Agricultural fields along the Shebelle River in Ethiopia are featured in this image photographed by an Expedition 27 crew member on the International Space Station. The Shebelle River supports limited agricultural development within the arid to semi-arid Ogaden Plateau region of southeastern Ethiopia. This detailed photograph illustrates a network of irrigation canals and fields located approximately 42 kilometers to the west-northwest of the city of Godey, Ethiopia.
Floodplain sediments and soils are dark brown to gray (center), and contrast with reddish rocks and soils of the adjacent plateau. Water in the Shebelle River, and the irrigation canals, has a bright, mirror-like appearance due to sunglint, or light reflecting off the water surface back towards the observer on the space station. Vegetation in the floodplain (bottom center) and agricultural fields is dark green.
The river water supports a variety of cropsthe most common being sorghum and maizeas well as grazing for livestock (cattle, sheep, goats, and camels). The Shebelle River has its headwaters in the Ethiopian Highlands, and transports water and sediment 1,000 kilometers to the southeast across Ethiopia, continuing an additional 130 kilometers into neighboring Somalia. The Shebelle River does not reach the Indian Ocean during most years, but disappears into the sands near the coast in Somalia. During periods of heavy rainfall and flooding however, the Shebelle can reach the Indian Ocean. ISS027-E-009564 (31 March 2011)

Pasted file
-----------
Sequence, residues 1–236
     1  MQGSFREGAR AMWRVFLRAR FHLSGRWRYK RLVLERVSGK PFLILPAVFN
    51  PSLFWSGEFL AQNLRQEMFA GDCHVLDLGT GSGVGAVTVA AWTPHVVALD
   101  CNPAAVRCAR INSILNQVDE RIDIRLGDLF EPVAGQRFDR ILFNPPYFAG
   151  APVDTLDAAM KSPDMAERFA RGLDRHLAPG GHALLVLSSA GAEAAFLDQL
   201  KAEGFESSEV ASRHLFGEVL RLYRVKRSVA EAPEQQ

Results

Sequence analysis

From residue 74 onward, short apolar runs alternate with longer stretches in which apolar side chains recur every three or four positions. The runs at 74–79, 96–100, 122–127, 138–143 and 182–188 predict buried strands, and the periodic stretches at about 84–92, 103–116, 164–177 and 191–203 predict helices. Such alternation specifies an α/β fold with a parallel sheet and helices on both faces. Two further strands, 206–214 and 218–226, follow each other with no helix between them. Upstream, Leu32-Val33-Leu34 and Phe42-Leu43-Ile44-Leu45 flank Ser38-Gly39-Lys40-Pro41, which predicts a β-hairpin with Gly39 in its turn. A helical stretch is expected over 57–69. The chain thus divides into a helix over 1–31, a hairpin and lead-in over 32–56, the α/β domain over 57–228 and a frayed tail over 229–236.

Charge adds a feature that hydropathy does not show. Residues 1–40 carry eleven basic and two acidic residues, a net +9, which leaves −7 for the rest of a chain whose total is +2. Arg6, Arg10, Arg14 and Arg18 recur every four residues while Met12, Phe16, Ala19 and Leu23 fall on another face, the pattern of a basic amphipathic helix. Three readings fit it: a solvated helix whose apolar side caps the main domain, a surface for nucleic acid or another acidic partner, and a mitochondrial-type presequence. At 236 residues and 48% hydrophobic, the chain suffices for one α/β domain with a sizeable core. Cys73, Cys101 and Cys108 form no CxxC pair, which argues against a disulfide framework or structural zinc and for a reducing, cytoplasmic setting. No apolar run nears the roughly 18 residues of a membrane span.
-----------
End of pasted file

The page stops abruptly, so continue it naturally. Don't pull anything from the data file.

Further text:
Source: NASA HQ 17 Apr 2011